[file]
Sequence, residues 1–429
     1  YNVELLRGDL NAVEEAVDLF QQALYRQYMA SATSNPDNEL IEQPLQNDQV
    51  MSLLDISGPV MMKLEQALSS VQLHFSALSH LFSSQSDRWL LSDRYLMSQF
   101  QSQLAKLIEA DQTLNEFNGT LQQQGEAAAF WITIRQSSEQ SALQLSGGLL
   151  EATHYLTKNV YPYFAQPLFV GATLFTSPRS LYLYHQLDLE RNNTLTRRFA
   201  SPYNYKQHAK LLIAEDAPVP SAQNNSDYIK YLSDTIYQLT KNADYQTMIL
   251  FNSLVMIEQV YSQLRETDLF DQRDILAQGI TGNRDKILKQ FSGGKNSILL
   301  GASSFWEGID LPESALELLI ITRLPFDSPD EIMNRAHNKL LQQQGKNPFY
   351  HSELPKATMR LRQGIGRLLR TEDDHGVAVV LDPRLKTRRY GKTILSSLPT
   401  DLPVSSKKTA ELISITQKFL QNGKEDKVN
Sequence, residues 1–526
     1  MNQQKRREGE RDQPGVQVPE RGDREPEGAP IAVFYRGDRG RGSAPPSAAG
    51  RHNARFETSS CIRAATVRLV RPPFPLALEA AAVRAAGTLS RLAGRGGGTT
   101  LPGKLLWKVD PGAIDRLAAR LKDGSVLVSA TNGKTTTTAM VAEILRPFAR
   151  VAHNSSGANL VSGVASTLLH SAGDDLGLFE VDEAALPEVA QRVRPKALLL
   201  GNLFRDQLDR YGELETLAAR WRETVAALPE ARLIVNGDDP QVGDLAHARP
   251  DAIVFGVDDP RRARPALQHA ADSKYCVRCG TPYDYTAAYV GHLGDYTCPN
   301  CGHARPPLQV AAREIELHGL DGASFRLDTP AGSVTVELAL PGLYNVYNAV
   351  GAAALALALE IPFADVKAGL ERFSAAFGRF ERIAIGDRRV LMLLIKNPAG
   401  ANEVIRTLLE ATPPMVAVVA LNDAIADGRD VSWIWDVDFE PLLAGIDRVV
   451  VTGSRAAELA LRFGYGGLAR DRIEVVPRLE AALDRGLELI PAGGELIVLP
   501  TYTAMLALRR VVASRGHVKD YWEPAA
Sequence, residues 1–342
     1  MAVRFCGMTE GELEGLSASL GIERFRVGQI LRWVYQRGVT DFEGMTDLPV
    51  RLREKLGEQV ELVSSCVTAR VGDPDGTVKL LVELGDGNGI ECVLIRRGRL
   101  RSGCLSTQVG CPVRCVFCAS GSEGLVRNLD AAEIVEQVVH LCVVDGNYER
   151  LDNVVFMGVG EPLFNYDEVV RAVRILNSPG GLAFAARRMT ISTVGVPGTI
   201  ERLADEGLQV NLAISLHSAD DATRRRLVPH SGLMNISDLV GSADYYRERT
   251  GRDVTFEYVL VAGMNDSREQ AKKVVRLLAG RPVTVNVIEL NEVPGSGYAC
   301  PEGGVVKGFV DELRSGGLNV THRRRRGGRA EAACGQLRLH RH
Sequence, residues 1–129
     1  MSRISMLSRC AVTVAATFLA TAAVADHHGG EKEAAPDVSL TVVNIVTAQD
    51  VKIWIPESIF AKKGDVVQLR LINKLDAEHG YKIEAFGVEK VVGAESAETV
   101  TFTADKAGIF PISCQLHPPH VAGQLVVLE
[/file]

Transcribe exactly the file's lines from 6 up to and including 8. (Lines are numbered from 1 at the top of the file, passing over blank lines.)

   201  SPYNYKQHAK LLIAEDAPVP SAQNNSDYIK YLSDTIYQLT KNADYQTMIL
   251  FNSLVMIEQV YSQLRETDLF DQRDILAQGI TGNRDKILKQ FSGGKNSILL
   301  GASSFWEGID LPESALELLI ITRLPFDSPD EIMNRAHNKL LQQQGKNPFY